Advanced Painting with Data: Choropleth SVG

In my last blog post, "Painting with Data: Chloropleth SVG," about the all new Splunk Dashboard Beta Framework, I provided some ways to dynamically “paint” SVGs using data. That blog came out with the Splunk Enterprise Dashboards Beta 0.5.2, but the app has now advanced all the way up to version 0.9.0 and has many new exciting features. As a result, I feel I’m overdue for giving the world another SVG art class, and so I present to you: Advanced Painting with Data.

Dashboard Examples

In this blog I’m going to cover a few really cool, more advanced, examples of visualizations that can be created using our Choropleth SVG feature. I found these to be useful while helping Splunk for Good partners find success with the new dashboarding framework. Best of all, I’ve contributed all of these to the Examples portion of the new Splunk Enterprise Dashboards Beta. Simply install the app in your Splunk Enterprise or Splunk Cloud Environment, and view the Examples in the app navigation. This portion of the app gives you access to all of the code (and SVGs) for replicating exactly what I’ve done in this blog. As a result, you may not see too many code examples listed in this blog, as the majority of the code for making this possible is now baked inside of the app.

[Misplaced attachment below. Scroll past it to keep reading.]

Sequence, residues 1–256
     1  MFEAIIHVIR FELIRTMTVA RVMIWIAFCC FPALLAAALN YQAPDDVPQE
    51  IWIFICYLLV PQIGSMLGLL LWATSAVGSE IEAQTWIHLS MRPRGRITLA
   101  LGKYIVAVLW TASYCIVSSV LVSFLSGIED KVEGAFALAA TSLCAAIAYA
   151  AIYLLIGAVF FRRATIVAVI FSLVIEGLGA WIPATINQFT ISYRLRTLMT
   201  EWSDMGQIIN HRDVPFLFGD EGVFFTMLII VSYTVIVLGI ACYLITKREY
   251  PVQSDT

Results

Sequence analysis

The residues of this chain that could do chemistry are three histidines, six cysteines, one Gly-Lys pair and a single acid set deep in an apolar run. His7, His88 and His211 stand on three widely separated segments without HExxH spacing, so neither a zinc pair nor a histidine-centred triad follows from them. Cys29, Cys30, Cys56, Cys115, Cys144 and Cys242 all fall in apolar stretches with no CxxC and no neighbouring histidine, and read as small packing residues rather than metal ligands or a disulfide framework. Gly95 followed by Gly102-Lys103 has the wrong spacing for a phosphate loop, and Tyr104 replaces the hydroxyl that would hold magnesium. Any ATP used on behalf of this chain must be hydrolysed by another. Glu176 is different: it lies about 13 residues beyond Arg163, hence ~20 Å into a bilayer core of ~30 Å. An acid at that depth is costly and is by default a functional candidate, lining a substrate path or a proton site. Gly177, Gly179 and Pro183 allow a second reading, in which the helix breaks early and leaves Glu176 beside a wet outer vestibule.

The examples I’ll cover here are as follows:

  1. Turning any SVG into a gauge
  2. Painting an SVG with patterns (instead of just plain colors)
  3. Using emojis in your searches
  4. Animated SVGs


Custom gauges are something I get asked about a lot. When I talk about turning an SVG into a gauge, what I mean is taking an SVG, and dynamically changing the level of fill for that SVG. This winds up being a very compelling use-case for some dashboards. You can start to turn any SVG into a gauge by leveraging our Splunk Enterprise Dashboards Beta Encoding, and linear Gadients in SVG. For a simple example to show you what I'm talking about, I’ve opted to use a classic thermometer style gauge that is commonly used for fundraising. So, do you have a fundraising goal you’re trying to hit? Why not keep track of it on a Splunk Dashboard. 

I’m sure the next piece of feedback I’ll hear is that this particular gauge may look similar to some of the out of the box gauges we have in the Splunk Enterprise Dashboards Beta. As a result, you might be skeptical of the coolness factor of this particular visualization. If that is the case, then allow me to double click on the fact that just about any SVG can now be a gauge. I present to you an SVG of the entire United States, where every single state is it’s own gauge. In the image below, I ran some simple SPL to generate random percentages for each state in the US, and I refreshed the map so you can see that these individual gauges change as expected:


| makeresults